Kale is OVER, and other organic produce insights from wholesale experts

From left: Mark Munger of 4Earth, Greg Kurkjian of Crosset Co., Mark Hill of Baldor Specialty Foods and Elizabeth Nardi of Organically Grown Co. discuss wholesale trends at the Organic Produce Summit in Monterey, July 11.

MONTEREY, CA—With retail customers increasingly moving toward self-distribution, wholesalers remain a vital piece of the fresh produce supply chain.

That’s even more important when it comes to organics.

A trio of organic produce wholesalers from across the U.S. gave their perspective on the state of the industry, from the wholesaler’s view, at the Organic Produce Summit on July 11.

Kale, they said, appears to have peaked.

“What a run it was,” said Mark Hill, Director of Organic Produce for Baldor Specialty Foods, New York BB #:121770. “Twenty years ago, kale was a garnish on salad bars. Now it’s one of the biggest commodities in organic distribution.”

Greg Kurkjian, Vice President and General Manager of Crosset Co. LLC, Independence, KY, BB #:102407, agreed. He said other cooking vegetables are hot right now, particularly because of plant-based diets.

“Now we have celery to deal with,” he said. “Cooking veg is really spiking right now, and I’m not talking about potatoes. Items like broccoli, cauliflower, asparagus and Brussels sprouts are pretty good trends in organic.”

Elizabeth Nardi, CEO of Organically Grown Co., Eugene, OR, BB #:149476 said her company has been helping growers look into alternative items like purple broccolini as both a specialty and differentiator, but also a valuable rotation crop for organic production.

“We’re seeing our role in the supply chain more creating a culture of community,” she said.

For Crosset Co., it takes differentiation to keep wholesalers relevant as more retailers go into self-distribution of organic produce. One way to do that is to offer a more diverse assortment.

Wholesalers help growers reach a broader audience as well.

“That’s where I come into play,” he said. “We make that buying very simple. We have a niche where we can work with smaller local growers and pull their resources together and make it an easier path for the retailer.”

It takes skill to bring many of these specialty items to market, Hill said, and its more time and effort than many buyers have to devote to a niche item.

“We welcome and embrace new items. “Not many wholesalers have the skill that we do to bring these to market.”

MONTEREY, CA—With retail customers increasingly moving toward self-distribution, wholesalers remain a vital piece of the fresh produce supply chain.

That’s even more important when it comes to organics.

A trio of organic produce wholesalers from across the U.S. gave their perspective on the state of the industry, from the wholesaler’s view, at the Organic Produce Summit on July 11.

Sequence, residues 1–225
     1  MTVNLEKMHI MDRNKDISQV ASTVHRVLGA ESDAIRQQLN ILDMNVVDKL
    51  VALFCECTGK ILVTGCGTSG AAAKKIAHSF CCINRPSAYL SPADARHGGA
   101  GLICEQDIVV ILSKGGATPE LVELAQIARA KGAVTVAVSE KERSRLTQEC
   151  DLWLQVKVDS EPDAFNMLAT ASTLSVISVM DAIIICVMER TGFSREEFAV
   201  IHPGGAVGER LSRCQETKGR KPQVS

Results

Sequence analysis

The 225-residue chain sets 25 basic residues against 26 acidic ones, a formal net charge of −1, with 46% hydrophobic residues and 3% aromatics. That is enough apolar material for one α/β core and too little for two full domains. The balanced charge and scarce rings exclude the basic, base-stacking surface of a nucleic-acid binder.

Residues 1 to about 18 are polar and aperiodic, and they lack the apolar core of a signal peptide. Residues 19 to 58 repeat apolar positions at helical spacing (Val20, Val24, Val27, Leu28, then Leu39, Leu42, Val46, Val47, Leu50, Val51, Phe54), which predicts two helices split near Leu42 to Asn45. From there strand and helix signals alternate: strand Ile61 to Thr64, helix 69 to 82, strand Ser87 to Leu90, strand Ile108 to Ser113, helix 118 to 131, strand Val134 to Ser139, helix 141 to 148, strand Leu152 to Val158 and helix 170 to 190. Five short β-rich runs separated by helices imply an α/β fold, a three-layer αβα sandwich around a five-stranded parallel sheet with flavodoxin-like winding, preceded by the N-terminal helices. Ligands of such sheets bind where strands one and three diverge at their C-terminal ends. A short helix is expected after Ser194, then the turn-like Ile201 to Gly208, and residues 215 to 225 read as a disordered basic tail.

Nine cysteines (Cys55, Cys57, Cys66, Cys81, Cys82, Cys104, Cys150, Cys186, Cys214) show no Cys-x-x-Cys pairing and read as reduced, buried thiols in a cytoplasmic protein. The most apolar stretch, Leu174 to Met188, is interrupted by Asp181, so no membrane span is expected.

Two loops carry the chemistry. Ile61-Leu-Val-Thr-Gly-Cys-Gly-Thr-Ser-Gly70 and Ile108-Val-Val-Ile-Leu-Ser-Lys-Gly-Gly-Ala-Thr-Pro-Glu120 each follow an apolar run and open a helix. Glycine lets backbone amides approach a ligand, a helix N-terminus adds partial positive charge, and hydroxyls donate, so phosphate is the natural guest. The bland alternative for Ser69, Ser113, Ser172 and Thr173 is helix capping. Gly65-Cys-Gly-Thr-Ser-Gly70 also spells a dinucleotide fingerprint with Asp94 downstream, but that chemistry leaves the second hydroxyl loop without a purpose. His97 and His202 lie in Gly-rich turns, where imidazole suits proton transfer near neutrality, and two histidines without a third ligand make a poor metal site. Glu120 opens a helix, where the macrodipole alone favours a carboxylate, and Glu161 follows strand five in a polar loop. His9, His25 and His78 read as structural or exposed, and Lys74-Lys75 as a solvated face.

Kale, they said, appears to have peaked.

“What a run it was,” said Mark Hill, Director of Organic Produce for Baldor Specialty Foods, New York BB #:121770. “Twenty years ago, kale was a garnish on salad bars. Now it’s one of the biggest commodities in organic distribution.”

Greg Kurkjian, Vice President and General Manager of Crosset Co. LLC, Independence, KY, BB #:102407, agreed. He said other cooking vegetables are hot right now, particularly because of plant-based diets.

“Now we have celery to deal with,” he said. “Cooking veg is really spiking right now, and I’m not talking about potatoes. Items like broccoli, cauliflower, asparagus and Brussels sprouts are pretty good trends in organic.”

Elizabeth Nardi, CEO of Organically Grown Co., Eugene, OR, BB #:149476 said her company has been helping growers look into alternative items like purple broccolini as both a specialty and differentiator, but also a valuable rotation crop for organic production.

“We’re seeing our role in the supply chain more creating a culture of community,” she said.

For Crosset Co., it takes differentiation to keep wholesalers relevant as more retailers go into self-distribution of organic produce. One way to do that is to offer a more diverse assortment.

Wholesalers help growers reach a broader audience as well.

“That’s where I come into play,” he said. “We make that buying very simple. We have a niche where we can work with smaller local growers and pull their resources together and make it an easier path for the retailer.”

It takes skill to bring many of these specialty items to market, Hill said, and its more time and effort than many buyers have to devote to a niche item.

“We welcome and embrace new items. “Not many wholesalers have the skill that we do to bring these to market.”

Pamela Riemenschneider is Retail Editor for Blue Book Services and also is over kale.